Accessibility links

'A True Martyr' - Op-ed in "The Wall Street Journal"


RFE/RL's Luke Allnutt marks the 40th anniversary of Jan Palach's self-immolation in protest of the Soviet occupation of Czechoslovakia

By LUKE ALLNUTT | From today's Wall Street Journal Europe

PRAGUE

It was the loneliest of deaths. Jan Palach stood at the top of Prague's Wenceslas Square, listening to the bustle of traffic and commuters. In his hands, he carried a can of gasoline and a briefcase containing a suicide note. With the light beginning to fade on that cold January afternoon 40 years ago tomorrow, he doused himself in petrol and lit a match.

In an age of suicide bombers, it is easy to be dismissive about martyrdom. But Palach's self-immolation on Jan. 16, 1969, was a peaceful act of protest, not a predatory act of war. For his protest against his countrymen's apathy to the 1968 Soviet invasion of Czechoslovakia was true to the original meaning of martyrdom -- a self-sacrifice designed to save others, not to kill them. And so his legacy still endures, remarkable not just for its altruism, but for its spiritual and intellectual significance.

Like the most worthy saint, Jan Palach lived a simple life. He was born in Vsetaty, a village 18 miles from Prague, in 1948, the year the Communist Party came to power. As a boy, his father nurtured in him a keen love of history, which he went on to study at Prague's Charles University. He was known as a quiet student, strong-willed, bookish, rather serious. The turning point in Palach's life was the August 1968 invasion of Czechoslovakia by Warsaw Pact forces to suppress the political and cultural liberalization known as the Prague Spring. The invasion had a radicalizing impact on Palach.

What he found hardest to bear was not the occupation and attack on freedom itself, but the reaction of his countrymen. In the months following the invasion, the raw passion of opposition and defiance became resignation, accommodation and lethargy.

Alexander Dubcek, the Czechoslovak leader who was instrumental in the reform movement's "socialism with a human face," signed the Moscow Protocols, which were ultimately an expression of loyalty to the Soviet Union. The student strikes of November 1968, which called for freedom of assembly and expression and the departure of Soviet troops, failed in their objectives. Palach felt this powerlessness deep to his core. This submission to Moscow, he knew, was no aberration, but the defining thread in Czech history.

So he fell back on his heroes, men like Jan Hus, the 15th-century Protestant martyr, who spoke out against the abuses of the Roman Catholic Church. Tried at the Council of Constance in 1415, after repeatedly refusing to recant, Hus was burnt at the stake.

Even though this Christian example of martyrdom made a big impression on Palach, there is little evidence to suggest he held deeply religious beliefs, making his sacrifice all the more remarkable. It is unlikely that Palach expected any salvation or heavenly reward. In his eyes, his death wouldn't be the consummation of his love for God or the beginning of eternal life. In the spiritual sense, ahead lay nothing but emptiness.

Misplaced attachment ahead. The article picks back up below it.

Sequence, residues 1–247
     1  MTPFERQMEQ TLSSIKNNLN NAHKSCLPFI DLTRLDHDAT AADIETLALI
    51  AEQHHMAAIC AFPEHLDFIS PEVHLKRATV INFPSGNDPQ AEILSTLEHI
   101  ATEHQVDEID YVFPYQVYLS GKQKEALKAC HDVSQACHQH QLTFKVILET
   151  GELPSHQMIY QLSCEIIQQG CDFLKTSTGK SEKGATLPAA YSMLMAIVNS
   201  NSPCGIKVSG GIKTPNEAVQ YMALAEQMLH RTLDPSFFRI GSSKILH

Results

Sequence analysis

Palach might have been an awkward 20-year-old, but he understood the power of self-sacrifice. He understood that martyrs inspire and awe us precisely because of the inordinate suffering they are willing to endure for their beliefs. To become a true martyr, Palach knew he had to die an excruciating death. And so he did. With 85% of his body suffering third-degree burns, he died in a hospital three days after setting himself on fire. At first, his sacrifice had its desired effect of shaking the nation out of its slumber. Hundreds of thousands of people attended his funeral on Jan. 25, 1969, in what became a nationwide protest against the communist regime.

Other deaths by self-immolation followed: Jan Zajic in Prague, Evzen Plocek in Jihlava. The "wake-up call," however, was short-lived. Czechoslovakia continued its descend into "normalization," meaning the tightening of the police state as the Prague Spring reforms were rolled back. It was a time of "inner exile," when Czechoslovaks retreated to the private spheres, to concentrate on their cottages, their families, their love lives.

But Palach was anything but forgotten. During a period of oppression that Vaclav Havel called a "single, shapeless fog," Palach remained a beacon of hope. In the 1989 demonstrations that finally brought down the communist regime, Palach was an intellectual and psychological foothold for the student protesters. In January of that year, students held a "Palach week," a series of mass demonstrations to mark the 20th anniversary of his death. Violently broken up by police, they were precursors to the protests that brought down the regime in November.

Palach was an inspiration because, in the words of Jakub Trojan, the priest who conducted his funeral, he "believed that people could renew their own strength to resist." In that sense, Mr. Trojan said, his suicide "was an act of love and hope, not an act of despair."

---

Mr. Allnutt is the editor in chief of Radio Free Europe/Radio Liberty's English-language Web site. He is writing a novel based on the last year of Jan Palach's life.
XS
SM
MD
LG